The extracellular matrix glycoprotein, tenascin, is associated in vivo with mesenchyme undergoing osteogenesis and chondrogenesis, but is absent from mature bone and cartilage matrix. The expression of tenascin by osteoblastic cells in vitro has been investigated by immunoblotting and immunocytochemistry. Tenascin was secreted into the medium and deposited in the matrix by human and rat osteoblast-like cell lines, as well as by primary osteoblast-enriched cultures from chick embryo calvarial bones. In primary osteoblastenriched cultures, extracellular tenascin was found only in cell aggregates expressing the osteoblast marker alkaline phosphatase. Chicken osteoblast cultures synthesized almost exclusively the largest tenascin subunit, whereas fibroblast cultures from periostea of chicken calvariae synthesized approximately equal amounts of all three subunits. In situ hybridization studies of developing chicken bones, using a cDNA probe that hybridizes to all chicken tenascin splice variants, showed specific labelling of both osteogenic and chondrogenic regions of developing endochondral bones. In contrast, a cDNA probe specific for the large tenascin splice variant showed specific hybridization in osteogenic but not chondrogenic regions. Within osteogenic regions, tenascin mRNA was expressed by osteoblasts. A comparison of in situ hybridization and immunohistochemical studies demonstrated that tenascin mRNA and protein were codistributed in osteogenic regions of endochondral and membrane bones, whereas protein was retained in regions of differentiating cartilage where mRNA was no longer detectable. The results presented here demonstrate that tenascin is synthesized by osteoblasts. Moreover, within developing bones, there are at least three different cell type-specific patterns of expression of tenascin splice variants.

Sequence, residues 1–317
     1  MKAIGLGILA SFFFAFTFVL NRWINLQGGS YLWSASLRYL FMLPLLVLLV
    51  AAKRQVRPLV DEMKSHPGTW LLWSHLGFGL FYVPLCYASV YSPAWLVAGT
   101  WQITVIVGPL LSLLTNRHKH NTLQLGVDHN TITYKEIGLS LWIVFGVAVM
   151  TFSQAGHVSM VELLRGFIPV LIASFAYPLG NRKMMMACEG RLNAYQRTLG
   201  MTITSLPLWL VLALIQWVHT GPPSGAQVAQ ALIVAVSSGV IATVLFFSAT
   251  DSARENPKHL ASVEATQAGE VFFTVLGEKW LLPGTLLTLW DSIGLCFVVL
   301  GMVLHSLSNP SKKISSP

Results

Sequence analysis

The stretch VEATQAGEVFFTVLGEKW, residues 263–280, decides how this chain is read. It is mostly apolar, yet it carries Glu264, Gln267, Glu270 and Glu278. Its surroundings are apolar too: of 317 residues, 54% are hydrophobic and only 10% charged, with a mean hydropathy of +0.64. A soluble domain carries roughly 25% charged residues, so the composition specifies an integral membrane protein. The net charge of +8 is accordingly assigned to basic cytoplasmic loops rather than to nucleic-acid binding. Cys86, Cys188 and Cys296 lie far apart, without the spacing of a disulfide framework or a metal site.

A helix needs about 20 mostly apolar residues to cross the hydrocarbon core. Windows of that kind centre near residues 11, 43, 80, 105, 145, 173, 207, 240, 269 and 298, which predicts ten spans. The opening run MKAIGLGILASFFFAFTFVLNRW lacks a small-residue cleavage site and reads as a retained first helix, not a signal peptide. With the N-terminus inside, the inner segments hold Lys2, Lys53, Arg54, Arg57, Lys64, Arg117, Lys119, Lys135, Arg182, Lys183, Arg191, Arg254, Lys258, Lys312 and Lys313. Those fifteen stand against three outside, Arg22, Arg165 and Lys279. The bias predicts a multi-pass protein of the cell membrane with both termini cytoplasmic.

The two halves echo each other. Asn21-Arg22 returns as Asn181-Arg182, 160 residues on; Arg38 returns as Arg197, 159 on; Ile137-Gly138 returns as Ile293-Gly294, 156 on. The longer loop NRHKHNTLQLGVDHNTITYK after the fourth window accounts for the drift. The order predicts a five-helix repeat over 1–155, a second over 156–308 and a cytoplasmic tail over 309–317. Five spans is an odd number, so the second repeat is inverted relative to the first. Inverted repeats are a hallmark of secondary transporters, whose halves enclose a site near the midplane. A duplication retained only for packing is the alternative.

|Original language||English (US)|
|Number of pages||7|
|Journal||Journal of Cell Science|
|State||Published - Nov 1992|
- Extracellular matrix
ASJC Scopus subject areas
- Cell Biology